Why the grass elsewhere is not always greener and you should take care of your own lawn.
No this is not a post of becoming a successful green keeper but about how shifting my focus at my current position made me more motivated and effective in 6 months than in the 3 years before.
I read a lot and love to follow what is going on in tech and I noticed lately there is an upwards trend of articles like: “the 10 programming languages you have to learn in 2022” , “web3 is taking over the world start now” or “start studying x to triple your salary as dev”. You probably see those articles as well and like me you will doubt once a while whether or not it is time to jump on the next big thing and how to stay up to date. I have to admit I suffer from fear of missing out and I don’t want to become irrelevant. The last is a good mindset to have, however a danger is lurking which is that this fear made me totally focused on the future of which we all know is hard to predict. I was missing out on opportunities to improve my service for my current employer and grow in my current role. In this article I wrote down what I did to increase my value, gain more focus and more importantly have lots of fun while doing it.
“If the grass is greener on the other side it’s probably getting better care. Success is a matter of sticking to a set of common sense principles anyone can master.” -Earl Nightingale
1. Dedicate one hour a day as a study hour to figure out how to solve big challenges.
In the past I used a studylist for my daily study hour and evaluated the topics based on relevance and fun factor. I went studying but after a while I found out that my motivation started to drop. Why is that? Despite the fact that I was learning new things, I lacked a clear direction. I wanted to work on something that really challenges me and that will yield big results!
Setting goals is the first step in turning the invisible into the visible- Tony Robbins
Time to do things differently: so I grabbed the first item on my study list “studying performance on Flutter” and rewrote it towards a goal:. “make sure my app runs on 60FPS (frames per second)”. This was a big goal for me and when starting on it my app ran at an average of 50 FPS, I had no idea how to get there but this goal gave me a clear direction and I knew where to start. First, I needed to learn more about tools to measure performance and figure out how to interpret the data. Then I went deep into rendering, CPU, memory, good/bad practises etc. After a week I managed to run my app on an average of 55 FPS and 1.5 week later I achieved my goal. Not only did the app run on 60FPS but also memory usage went down with 22% and I did it by dedicating one hour a day. My current study goal is “create a Geofence plugin that successfully triggers an event when I am close to a store”.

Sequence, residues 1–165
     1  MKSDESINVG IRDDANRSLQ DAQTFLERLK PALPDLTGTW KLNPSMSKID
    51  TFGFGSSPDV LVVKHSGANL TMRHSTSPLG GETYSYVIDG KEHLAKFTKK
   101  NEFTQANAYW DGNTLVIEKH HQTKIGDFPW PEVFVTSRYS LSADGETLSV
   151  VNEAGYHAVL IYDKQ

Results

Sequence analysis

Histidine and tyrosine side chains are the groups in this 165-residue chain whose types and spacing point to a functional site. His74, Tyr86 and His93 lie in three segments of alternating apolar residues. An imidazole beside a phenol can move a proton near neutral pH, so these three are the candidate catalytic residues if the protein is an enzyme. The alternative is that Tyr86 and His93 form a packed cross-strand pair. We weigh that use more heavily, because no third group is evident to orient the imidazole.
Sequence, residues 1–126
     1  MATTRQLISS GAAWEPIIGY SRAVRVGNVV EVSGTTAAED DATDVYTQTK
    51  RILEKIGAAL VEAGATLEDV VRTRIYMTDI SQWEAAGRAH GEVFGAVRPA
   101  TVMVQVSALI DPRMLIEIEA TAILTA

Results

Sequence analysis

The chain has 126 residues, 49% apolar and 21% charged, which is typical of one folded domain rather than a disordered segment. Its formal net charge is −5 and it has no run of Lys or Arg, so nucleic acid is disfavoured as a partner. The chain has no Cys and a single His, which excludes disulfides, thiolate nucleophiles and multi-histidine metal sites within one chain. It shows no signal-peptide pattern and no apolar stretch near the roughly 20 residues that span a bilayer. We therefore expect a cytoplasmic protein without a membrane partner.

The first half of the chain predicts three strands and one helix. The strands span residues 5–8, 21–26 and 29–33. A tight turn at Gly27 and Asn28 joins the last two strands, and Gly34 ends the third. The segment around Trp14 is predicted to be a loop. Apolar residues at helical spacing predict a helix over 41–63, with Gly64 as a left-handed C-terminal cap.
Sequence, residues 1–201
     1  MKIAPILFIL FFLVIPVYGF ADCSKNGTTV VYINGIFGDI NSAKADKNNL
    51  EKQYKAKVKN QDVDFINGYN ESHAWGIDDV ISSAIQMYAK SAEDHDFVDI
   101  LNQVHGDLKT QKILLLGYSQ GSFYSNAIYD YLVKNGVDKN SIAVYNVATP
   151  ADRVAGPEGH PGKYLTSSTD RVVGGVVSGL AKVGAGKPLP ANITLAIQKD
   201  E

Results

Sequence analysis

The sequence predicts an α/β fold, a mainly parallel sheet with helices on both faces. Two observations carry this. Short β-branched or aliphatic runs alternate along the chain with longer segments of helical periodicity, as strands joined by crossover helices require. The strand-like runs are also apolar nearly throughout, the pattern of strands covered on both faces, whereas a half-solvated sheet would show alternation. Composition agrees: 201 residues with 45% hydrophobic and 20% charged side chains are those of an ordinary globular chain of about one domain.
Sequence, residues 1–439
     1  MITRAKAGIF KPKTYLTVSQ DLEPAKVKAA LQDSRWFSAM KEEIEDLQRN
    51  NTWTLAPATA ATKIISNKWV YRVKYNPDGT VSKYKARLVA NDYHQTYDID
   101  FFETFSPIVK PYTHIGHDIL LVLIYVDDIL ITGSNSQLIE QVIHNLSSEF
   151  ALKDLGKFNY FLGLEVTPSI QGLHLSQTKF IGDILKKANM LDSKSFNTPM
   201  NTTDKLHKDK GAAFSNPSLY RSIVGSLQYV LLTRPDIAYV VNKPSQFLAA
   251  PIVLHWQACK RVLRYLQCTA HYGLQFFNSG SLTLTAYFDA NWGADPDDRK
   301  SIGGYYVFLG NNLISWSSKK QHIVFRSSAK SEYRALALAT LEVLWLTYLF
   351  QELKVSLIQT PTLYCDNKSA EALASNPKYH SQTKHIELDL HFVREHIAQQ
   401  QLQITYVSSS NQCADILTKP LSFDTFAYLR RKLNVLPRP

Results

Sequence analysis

2. Learn more about the company’s industry and your role in the company
Before joining the startup world I worked for a big corporation and learned valuable lessons on developing apps at scale. At my current job I realised that my knowledge about scaling up apps and delivering quality is very valuable but that working for a startup requires me to know more about the industry and other disciplines. I focused on 2 areas:
- The industry the company operates:
I subscribed to Foodtech newsletters, follow leaders on social media and found out that there are countless videos on product presentations on YouTube. Also I learned from the UX designer that by becoming a customer of the competitor apps you gain valuable insights on what works well and what could be an opportunity to do better.
- My role in the company
When working for a startup it is not only required to develop a great app but also that you participate in strategic meetings and you will have multiple roles. In order to be of better service I learned about UX, data analytics, product discovery and backend development. For example by doing a 2 hour free course on data analytics I could help my colleagues in setting up metrics + dashboards and also improved the data logging points in the app.
Don’t freak out. I didn’t do everything at the same time and like me you can start small. Read 2 articles about the field, subscribe to 1 newsletter, spend ten minutes analysing a competitor app or read 20 pages in a book. Those small systematic efforts will have a compounding effect over time and within months you build up a valuable knowledge-base.
I am not saying to not look to the future and if you feel really motivated to learn something totally new go for it! My point is that besides looking at all the delicious tech outside your field, don’t forget about where you are now. By applying a bit more focus in the now I achieved more growth in 6 months than in the 3 years before that and I feel I am just getting started. Hope you enjoyed reading this article and feel free to reach out in the comments below.